The sun tried it’s hardest to press through the clouds Saturday afternoon, perhaps a metaphor of WTFest planners trying their hardest to overcome the odds and host a successful festival. There was commotion and confusion in abundance, with signs, line ups and instructions not even in place an hour before kickoff. The frantic volunteer staff, running around in a blue-collar way, did their best to accommodate eager fans, tight schedules, and impatient demands.
Pushed back an hour, things eventually got under way at 3 p.m. with the first band. Local acts like Sons of Revelry and Ghost Town Orchestra took the stage before giving way to the evening’s headliners. As I made my way to take in my first show of the festival, I was unsure as anyone as to what to expect. But what was clear was that I Mother Earth had no doubts at all. They brought pure, happy vibes to their set, and were honoured to be a part of the festival and have their fans come and support.
As they got deeper into the set, and the sun shone out from behind the stage, the audience swelled to over 1,500 people. As I tried to evaluate what I thought of this band in front of me, it was clear that most of the audience had loved this band for a long time. A group of men in their late thirties were clearly reliving their glory years, head-banging as if having a sore neck on Monday was a job requirement.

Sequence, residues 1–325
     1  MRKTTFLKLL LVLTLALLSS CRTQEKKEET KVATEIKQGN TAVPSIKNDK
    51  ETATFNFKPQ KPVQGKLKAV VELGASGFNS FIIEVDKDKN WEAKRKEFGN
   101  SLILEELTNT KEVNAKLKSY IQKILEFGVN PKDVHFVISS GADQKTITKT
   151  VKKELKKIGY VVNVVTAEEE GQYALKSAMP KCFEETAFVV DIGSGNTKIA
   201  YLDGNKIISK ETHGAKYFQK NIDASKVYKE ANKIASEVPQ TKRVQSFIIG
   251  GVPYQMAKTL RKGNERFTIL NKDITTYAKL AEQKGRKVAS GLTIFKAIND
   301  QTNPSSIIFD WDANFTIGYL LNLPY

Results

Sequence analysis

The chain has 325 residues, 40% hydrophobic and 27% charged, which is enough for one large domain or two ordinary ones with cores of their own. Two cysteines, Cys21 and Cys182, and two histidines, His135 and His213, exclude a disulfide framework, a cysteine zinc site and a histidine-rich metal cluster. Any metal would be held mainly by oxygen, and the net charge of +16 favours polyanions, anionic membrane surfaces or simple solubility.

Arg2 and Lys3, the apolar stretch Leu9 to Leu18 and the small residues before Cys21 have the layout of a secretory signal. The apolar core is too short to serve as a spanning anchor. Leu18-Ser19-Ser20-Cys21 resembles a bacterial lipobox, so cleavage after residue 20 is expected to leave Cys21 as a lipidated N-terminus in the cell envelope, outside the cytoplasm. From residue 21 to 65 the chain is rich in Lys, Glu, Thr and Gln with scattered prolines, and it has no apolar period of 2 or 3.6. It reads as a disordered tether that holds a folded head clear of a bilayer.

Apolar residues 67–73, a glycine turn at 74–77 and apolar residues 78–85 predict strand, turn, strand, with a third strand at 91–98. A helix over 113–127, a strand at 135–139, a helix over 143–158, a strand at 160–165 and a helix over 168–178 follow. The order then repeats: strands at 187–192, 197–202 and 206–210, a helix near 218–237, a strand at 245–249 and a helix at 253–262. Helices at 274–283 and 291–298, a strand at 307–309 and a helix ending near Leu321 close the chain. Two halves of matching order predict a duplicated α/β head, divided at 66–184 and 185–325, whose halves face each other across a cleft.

Brian Byrne, Earth’s singer, was moved by the support – “It’s because of you (the fans) that we’ve been able to do this for 20 years!” Somebody in the crowd shouted, “Canadian rock and roll!!” That’s not exactly the coolest thing that you can scream at a concert, but it kind of fit. This, and Byrne’s dedication of the show to his daughters, brought this family-reunion-like, emotional theme to the forefront – a foreshadow of festival planner Jamie Stephen’s words at the end of the night.
From there, The Trews took the stage, and the audience only became more engaged. The Trews are that band that, unless you are a diehard fan, you know the name but you don’t know any of their songs. And suddenly, when they start playing, you know all the words. The cynic in me says that is more of a result of Canadian-content quotas on radio stations than anything else, but they, as I’ve experienced before, put on a tremendous show.
The group flowed from sing-along hits like “I’m Tired of Waiting” to the emotional ballad “Highway of Heroes.” The latter is relevant today, instantly bringing to mind images of Cpl. Nathan Cirillo’s procession down the 401, even though this song was written years earlier for a different soldier, their late school-mate Nichola Goddard
As they got back to the rock, I couldn’t help but notice that modern Canadian rock sounds like it belongs in the early nineties, even though early nineties rock sounds nothing like it. Which is not necessarily a criticism, but just an observation, as I looked around and saw so many people enjoying music that I didn’t know was this well-loved. And as they ended the show with full organ jams, bongo solos, and a five minute guitar feature with John-Angus MacDonald, it wasn’t hard to see why.